When a LAN packet 409, alternatively network packet, is received by the processor the steps in the flow chart of FIG. 4 illustrate the steps required to convert the packet to the proprietary protocol used by the peripheral switch. The LAN packet, is comprised of 5 sections. A preamble sequence 411 is used to synchronize the receiving and transmitting stations, since the communication between the network 230 and the network interface card is bursty and asynchronous. A source address 412 and destination address 413 are required to assure the network packet arrives at the node of the network. The network payload 414 contains the data for the protocol packet 419. A network CRC 415 is provided to assure error free data transfers. The protocol packet contains protocol information 431 including a network logic address, sequencing information, protocol control information and protocol status information. Those skilled in the art of network to computer connections could provide variations in the protocol packet and thus the present invention is not limited in scope to any particular protocol shown. A protocol CRC 433 is provided to assure that an error free protocol packet is transferred. The payload of the protocol packet 432 is an application packet 429. The application packet contains routing information 441, information for the peripheral switch 442, and a application packet CRC 443. The routing information directs the application packet to a translator in the processor for converting a standard management protocol, such as SNMP, to the proprietary protocol of the peripheral switch. Other screen or terminal based protocols, such as TELNET, may also serve to provide access. The information 442 has security authorization data and peripheral switch information including control information, status information, security information and data. Details of the network packet parsing process is illustrated in a flow chart 400.

After being coupled to the processor 320 via network interface circuit 330 the LAN packet 409 is received by the processor, step 410. The LAN packet is processed to determine if LAN packet is error free. If the LAN packet is erred then processing stops at the YES path of step 422. Otherwise, the packet payload is parsed from the LAN packet, step 424, to obtain a protocol packet 419. The protocol packet is processed to determine if the protocol packet is error free, step 430. If the protocol packet is erred, then the processing stops at the YES path of step 432. Otherwise, processing continues on the NO path of step 432. The protocol packet is then parsed, step 434, to obtain the application packet 431. The application packet is processed for errors, step 440. If the application packet is erred, then processing stops at the YES path of step 442. Otherwise, processing continues on the NO path of step 442. The application packet arranged as a standard management protocol, such as SNMP, is then translated to the proprietary protocol of the peripheral switch, step 444. The proprietary protocol has a section 1 containing security authorization information. The security authorization information is obtained by parsing the proprietary protocol, step 450. If the security authorization information is not valid at the NO path of step 452, then processing stops. Otherwise, the proprietary protocol information begins on the NO path of step 452 and step 500.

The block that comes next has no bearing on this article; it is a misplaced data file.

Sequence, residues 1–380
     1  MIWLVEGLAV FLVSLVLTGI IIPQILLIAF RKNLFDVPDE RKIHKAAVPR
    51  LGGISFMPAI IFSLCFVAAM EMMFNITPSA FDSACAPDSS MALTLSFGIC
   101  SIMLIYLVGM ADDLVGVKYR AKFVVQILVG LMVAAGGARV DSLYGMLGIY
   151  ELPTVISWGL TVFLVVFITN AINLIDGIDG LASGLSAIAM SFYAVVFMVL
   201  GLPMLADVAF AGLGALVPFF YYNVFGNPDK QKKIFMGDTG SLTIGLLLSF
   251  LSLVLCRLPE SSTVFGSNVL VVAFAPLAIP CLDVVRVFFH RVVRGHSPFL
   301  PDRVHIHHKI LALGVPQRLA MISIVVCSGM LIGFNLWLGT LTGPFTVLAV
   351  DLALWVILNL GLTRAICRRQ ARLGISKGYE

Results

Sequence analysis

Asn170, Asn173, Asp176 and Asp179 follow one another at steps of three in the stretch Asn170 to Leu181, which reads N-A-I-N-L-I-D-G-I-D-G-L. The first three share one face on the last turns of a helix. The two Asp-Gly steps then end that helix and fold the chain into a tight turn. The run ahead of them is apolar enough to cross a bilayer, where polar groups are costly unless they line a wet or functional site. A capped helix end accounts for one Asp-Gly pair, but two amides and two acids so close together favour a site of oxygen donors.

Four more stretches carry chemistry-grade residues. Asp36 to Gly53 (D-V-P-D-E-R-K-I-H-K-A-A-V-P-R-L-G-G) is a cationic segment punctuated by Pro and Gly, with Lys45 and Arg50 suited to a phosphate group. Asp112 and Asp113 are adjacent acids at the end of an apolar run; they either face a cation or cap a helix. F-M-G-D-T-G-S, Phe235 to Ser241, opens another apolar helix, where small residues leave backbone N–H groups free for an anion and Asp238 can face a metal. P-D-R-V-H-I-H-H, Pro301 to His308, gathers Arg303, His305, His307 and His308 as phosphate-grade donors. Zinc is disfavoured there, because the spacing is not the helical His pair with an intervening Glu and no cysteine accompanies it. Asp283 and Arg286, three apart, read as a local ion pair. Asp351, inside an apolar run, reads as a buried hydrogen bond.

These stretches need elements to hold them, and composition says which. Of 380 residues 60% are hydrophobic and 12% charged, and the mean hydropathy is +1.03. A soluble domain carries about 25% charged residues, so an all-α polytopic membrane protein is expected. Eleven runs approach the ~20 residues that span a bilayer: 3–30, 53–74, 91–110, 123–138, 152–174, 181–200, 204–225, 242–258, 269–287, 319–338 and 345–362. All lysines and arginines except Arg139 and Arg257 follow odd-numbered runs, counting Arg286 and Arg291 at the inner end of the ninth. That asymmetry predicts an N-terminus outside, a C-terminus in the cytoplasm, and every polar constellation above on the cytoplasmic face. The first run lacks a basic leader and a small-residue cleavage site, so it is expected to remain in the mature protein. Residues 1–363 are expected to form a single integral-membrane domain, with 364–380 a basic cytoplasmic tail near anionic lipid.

Referring now to FIG. 5, a flow chart illustrates the processing steps for the proprietary protocol. A second section of the proprietary protocol is separated into authorization information and switch information at step 520. The application packet is checked for errors and the processing ends if an error is detected at the YES path of step 530. If the application packet has no errors then the select step 540 determines the type of information received by the processor and directs the information for control information processing, step 600, status information processing, step 700, security information processing, or data information processing, step 900.

Control information consists of commands to a user interface card or commands routed through the user interface card to other devices within the computer switching system. Examples of commands include responding to status queries, clearing a detected Alarm, setting a threshold of a device Alarm, enabling an Alarm or disabling an Alarm. Control commands are also used to initiate downloading of program data to a system device. Control commands for action by the user interface card include commands that allow the communication bus or user data to be coupled to the remote interface via a LAN. Control commands are also used to start a processor reboot and for system maintenance function control including remote manipulation of time/date functions.

Referring now to FIG. 6, if the LAN packet from the remote terminal is authorized to initiate such a command at the YES path of step 620, then the control information is accepted and the control function initiated at step 630. If authorization is not allowed at the NO path of step 620, then processing stops.